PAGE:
This talk by Dr Kevin Brown is second in the series Prostitution, Pimping and Trafficking, curated by Deborah Lavin.
From the time syphilis was first recognised in 1485, the medical consensus believed women were the vector of infection; and that they suffered syphilis in a milder form than men. While symptoms were treated, prevention centred on controlling prostitution. The 16th and 17th centuries saw continual attempts to suppress brothels and bathhouses, while in the 19th century the policy changed from suppression to regulation of prostitution and the state licensing of brothels both in Europe and through the Contagious Diseases Acts in Britain and the Empire. Gendered attitudes to prostitution, which saw women as the sources of infection, continued to inform the health debate through the First and Second World Wars, well into the age of the bobby-soxers and beyond.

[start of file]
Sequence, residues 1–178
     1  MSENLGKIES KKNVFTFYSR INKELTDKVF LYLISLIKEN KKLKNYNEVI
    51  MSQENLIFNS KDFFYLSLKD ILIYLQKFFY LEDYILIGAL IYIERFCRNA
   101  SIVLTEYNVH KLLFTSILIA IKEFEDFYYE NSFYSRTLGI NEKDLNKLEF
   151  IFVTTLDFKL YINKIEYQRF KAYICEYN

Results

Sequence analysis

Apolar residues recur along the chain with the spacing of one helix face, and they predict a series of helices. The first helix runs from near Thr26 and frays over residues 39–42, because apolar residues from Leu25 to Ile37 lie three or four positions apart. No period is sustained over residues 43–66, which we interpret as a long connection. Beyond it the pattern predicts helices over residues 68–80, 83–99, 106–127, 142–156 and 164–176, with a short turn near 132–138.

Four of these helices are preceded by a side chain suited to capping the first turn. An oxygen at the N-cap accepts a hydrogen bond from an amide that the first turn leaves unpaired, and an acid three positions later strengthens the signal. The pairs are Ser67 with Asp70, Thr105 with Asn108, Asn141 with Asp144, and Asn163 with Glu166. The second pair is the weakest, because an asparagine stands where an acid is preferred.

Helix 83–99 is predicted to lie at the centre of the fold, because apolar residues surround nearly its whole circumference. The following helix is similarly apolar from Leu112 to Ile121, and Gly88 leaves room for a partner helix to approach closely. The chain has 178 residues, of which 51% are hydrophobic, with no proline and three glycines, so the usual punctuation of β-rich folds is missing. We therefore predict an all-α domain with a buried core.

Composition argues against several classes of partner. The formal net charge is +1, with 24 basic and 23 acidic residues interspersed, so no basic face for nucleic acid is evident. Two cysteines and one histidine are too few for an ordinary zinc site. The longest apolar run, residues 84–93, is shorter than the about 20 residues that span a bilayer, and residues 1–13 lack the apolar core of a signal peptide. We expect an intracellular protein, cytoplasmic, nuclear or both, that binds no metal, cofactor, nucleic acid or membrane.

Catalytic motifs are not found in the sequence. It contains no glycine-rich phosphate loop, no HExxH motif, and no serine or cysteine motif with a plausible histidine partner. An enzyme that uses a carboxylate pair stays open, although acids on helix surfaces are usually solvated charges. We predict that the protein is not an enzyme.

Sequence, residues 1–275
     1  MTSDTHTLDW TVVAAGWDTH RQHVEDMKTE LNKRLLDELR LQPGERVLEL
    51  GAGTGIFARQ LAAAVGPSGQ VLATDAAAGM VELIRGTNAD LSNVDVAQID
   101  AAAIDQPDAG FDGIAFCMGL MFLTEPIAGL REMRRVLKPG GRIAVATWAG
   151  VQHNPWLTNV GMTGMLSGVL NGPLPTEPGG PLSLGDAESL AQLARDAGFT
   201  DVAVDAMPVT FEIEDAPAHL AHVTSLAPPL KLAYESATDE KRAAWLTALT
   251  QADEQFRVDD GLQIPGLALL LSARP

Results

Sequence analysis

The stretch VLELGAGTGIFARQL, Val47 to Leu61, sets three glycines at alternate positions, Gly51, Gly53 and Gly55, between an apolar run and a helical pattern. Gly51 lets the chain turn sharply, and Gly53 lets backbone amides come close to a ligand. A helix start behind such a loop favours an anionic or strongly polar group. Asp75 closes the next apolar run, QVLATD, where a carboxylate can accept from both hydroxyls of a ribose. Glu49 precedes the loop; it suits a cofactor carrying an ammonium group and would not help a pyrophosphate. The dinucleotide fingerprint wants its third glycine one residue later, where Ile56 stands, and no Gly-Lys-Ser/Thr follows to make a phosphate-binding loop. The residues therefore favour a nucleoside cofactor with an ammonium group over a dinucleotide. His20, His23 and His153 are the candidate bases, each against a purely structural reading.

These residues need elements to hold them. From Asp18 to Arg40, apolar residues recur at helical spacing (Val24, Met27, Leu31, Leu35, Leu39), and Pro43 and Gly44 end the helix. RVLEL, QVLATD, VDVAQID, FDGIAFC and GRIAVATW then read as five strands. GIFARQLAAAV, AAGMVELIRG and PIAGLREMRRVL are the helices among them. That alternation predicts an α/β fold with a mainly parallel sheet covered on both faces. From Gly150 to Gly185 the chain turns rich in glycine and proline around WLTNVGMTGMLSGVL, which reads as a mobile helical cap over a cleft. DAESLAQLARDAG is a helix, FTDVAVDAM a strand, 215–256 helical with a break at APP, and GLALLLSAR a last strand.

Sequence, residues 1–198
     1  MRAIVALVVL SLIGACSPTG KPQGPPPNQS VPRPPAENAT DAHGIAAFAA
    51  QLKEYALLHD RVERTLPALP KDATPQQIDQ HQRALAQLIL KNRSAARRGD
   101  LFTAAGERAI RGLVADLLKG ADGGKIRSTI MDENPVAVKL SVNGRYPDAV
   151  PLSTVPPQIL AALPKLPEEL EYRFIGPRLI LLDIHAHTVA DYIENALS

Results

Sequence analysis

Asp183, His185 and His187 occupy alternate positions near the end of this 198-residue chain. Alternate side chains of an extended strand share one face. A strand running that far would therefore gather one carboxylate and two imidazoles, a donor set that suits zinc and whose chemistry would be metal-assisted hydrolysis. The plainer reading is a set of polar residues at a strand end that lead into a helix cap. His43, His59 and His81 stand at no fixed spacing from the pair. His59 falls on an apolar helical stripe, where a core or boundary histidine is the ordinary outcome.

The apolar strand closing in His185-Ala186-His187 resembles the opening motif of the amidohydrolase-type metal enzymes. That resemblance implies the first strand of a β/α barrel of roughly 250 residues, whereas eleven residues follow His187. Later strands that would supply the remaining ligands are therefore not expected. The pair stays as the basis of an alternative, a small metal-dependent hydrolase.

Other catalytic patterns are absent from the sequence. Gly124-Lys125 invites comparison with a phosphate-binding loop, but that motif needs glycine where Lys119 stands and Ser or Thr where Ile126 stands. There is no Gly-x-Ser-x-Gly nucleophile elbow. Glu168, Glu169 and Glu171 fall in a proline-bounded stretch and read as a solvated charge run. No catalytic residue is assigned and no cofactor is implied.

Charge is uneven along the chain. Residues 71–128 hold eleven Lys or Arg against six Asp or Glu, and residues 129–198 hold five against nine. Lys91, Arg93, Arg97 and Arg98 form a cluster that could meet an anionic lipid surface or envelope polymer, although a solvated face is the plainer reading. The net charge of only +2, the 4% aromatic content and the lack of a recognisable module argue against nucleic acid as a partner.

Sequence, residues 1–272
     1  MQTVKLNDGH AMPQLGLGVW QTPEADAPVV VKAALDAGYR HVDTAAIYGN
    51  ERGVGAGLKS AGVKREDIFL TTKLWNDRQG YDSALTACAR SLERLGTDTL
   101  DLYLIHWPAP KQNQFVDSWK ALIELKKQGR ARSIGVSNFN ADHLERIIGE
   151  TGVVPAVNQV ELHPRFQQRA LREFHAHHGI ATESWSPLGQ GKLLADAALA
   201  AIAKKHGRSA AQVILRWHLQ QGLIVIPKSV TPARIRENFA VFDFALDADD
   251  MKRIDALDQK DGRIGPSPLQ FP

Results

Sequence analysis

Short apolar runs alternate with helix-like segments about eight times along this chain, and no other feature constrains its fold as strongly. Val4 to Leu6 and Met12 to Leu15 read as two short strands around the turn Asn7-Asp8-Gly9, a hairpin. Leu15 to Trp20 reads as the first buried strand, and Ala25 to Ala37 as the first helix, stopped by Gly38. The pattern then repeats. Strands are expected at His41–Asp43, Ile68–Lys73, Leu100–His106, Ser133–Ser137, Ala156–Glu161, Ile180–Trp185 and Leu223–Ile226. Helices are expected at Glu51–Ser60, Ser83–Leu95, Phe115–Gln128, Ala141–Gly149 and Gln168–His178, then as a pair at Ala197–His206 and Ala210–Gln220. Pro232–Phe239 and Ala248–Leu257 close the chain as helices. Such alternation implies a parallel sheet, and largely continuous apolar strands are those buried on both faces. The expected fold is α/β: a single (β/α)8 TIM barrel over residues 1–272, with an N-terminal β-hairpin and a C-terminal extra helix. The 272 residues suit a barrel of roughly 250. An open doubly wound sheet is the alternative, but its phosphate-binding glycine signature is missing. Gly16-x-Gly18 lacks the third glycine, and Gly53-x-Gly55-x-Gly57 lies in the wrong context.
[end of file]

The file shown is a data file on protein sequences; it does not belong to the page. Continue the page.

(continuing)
Dr Kevin Brown, was educated at Hertford College, Oxford and University College London and is a professional archivist and museum curator at the Alexander Fleming Museum and Imperial College, specialising in the history of medicine. In constant demand as a lecturer, his written work includes Penicillin Man: Alexander Fleming and the Antibiotic Revolution, The Pox: the Life and Near Death of a Very Social Disease, Fighting Fit: Health Medicine and War in the Twentieth Century, Poxed and Scurvied: The Story of Sickness and Health and Passage to the World: The Emigrant Experience.
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